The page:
Bitcoin consumes a lot of energy. Go ahead and shout it from the rooftops — it’s a fact.
According to CoinShares’ June 2019 mining report, Bitcoin uses approximately 41 terawatt-hours (TWh) of energy per year, which is roughly equal to the annual energy consumption of the entire country of New Zealand.
Armchair critics love to paint Bitcoin as a gas-guzzling behemoth hellbent on polluting our world and burning up our atmosphere. After all, there’s no need to dig any deeper than the surface level on something that you plan to write off. But the pundits are missing a couple fundamental points when it comes to Bitcoin and energy use.
First, Bitcoin is a heat-seeking missile directed at the cheapest energy sources available at scale. It’s incentivized to run off unused electrical capacity (like China’s overabundant hydroelectric resources) and renewable energy sources (to the tune of 74 percent, by some estimations).
Second, the vast amount of energy required to run Bitcoin actually further secures the network. Bitcoin uses so much energy that, in order to attack it, you would not only need an equivalent to the number of miners currently securing Bitcoin’s network pointed toward the attack but also the requisite amount of power (remember: enough to fuel all of New Zealand) in order to run all of those miners. Not to mention the fact that you’d have to run that system long enough to go six consecutive blocks deep (six confirmations) on Bitcoin’s blockchain to make the attack economically secure (if you’ve got 51 percent hashpower, about how many coin flips does it take for you to get six heads in a row?). In short, this energy intensiveness is a feature, not a bug.
How the Legacy Energy System Can Make the Most of Bitcoin
Take a look at the legacy energy system. Power companies have to contend with inconsistent energy use in their service areas: lights turning on at night and off during the day, TV’s tuning in for primetime viewing and extra hot days causing AC units to run on hyperdrive. These fluctuations can be where power companies lose money.
On the other hand, you can calculate Bitcoin’s energy use, predict it with relative accuracy and then depend on it. So why haven’t energy companies come flocking to the table?
On a macro level, U.S. electricity demand has flatlined, so if a client the size of New Zealand is (always) looking for cheaper energy at scale, that sounds like an opportunity for many of the electricity suppliers out there, especially those looking to innovate in the space. Plus, the ability to convert energy directly into money will lead by leaps and bounds toward renewables technology. Aligned incentives are a powerful force.
According to some back-of-the-napkin calculations (ignoring transaction fees and costs like rent and hardware): If the entire Bitcoin mining network was running in the U.S., using U.S. power grid energy at the average industrial cost of $0.0693 per kilowatt hour, then miners would spend around $7.8 million per day on electricity (based on CoinShares’ 41 TWh estimate). At current bitcoin prices of about $10,000, there is approximately $18 million in bitcoin mined each day. So, miners would be willing to spend up to $18 million a day, collectively, to mine bitcoin and still cover their power costs. That means that, just in the U.S., using average industrial energy rates, mining capacity could increase by 130 percent. That’s a lot of potential unrealized revenue for power companies.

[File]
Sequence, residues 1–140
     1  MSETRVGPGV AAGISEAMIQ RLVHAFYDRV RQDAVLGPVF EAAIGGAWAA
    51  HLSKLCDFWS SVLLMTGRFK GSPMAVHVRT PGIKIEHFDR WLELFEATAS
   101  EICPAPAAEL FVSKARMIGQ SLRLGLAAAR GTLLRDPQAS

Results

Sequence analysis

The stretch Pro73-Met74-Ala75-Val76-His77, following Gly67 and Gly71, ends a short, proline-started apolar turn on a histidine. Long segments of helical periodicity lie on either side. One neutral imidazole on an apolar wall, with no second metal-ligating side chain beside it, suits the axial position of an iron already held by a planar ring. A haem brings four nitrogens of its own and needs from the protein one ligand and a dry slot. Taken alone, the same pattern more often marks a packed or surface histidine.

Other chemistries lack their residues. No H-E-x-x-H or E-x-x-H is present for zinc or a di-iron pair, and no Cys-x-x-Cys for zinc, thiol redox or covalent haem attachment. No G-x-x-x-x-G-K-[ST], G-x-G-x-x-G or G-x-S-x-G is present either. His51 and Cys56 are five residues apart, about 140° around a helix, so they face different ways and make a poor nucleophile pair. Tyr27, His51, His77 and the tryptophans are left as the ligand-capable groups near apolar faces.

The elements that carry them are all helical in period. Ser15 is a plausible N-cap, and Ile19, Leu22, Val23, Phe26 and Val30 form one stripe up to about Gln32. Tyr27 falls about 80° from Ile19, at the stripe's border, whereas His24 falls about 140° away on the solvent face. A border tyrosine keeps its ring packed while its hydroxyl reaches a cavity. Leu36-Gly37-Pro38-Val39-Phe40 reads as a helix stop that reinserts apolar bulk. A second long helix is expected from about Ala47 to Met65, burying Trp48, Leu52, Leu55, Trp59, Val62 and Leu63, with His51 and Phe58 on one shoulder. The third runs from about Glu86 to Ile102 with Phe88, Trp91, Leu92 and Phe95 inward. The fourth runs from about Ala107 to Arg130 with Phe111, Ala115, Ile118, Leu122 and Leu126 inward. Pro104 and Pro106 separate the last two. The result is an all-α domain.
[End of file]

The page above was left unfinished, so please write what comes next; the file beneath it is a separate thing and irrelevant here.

You might be thinking, “Well, I bet miners pay less than $.0693 per kWh in other countries,” and you’d be right. Some estimates place the average power costs for miners around $.05 per kWh. Remember, though, that the $.0693 per kWh figure is a national average. That means, in some parts of the U.S., it is more expensive and in others it is cheaper. It also doesn’t account for individual plants that may have excess capacity and would be willing to negotiate even lower. So where are they, and why aren’t they negotiating?
Energy suppliers should be clamoring over the opportunity to get a steady, predictable power use customer, and Bitcoin is exactly that. From this perspective, it’s more than surprising that energy companies aren’t competing to get a customer the size of New Zealand (one that is continually growing larger to boot). But once they come to see it this way, energy companies should become some of Bitcoin’s biggest allies, and bitcoin mining will be taken to the next level.
Mining is one of Bitcoin’s most critical practices, but also one of its most misunderstood.
Our guide to bitcoin mining covers everything from the basics of where bitcoin come from and why this process is called “mining” to bitcoin mining centralization and energy use. You’ll find detailed information on bitcoin mining hardware, bitcoin mining pools, bitcoin mining profitability, bitcoin mining legality and more.
And, if you’re looking for something specific, we have hundreds of articles that have taken deeper dives into the mining industry since the earliest days of Bitcoin.
Get started with “What is Bitcoin Mining?”!
Brandon is currently the Project Manager for BTC Inc. He's seen some bitcoin ups and downs but much prefers the ups.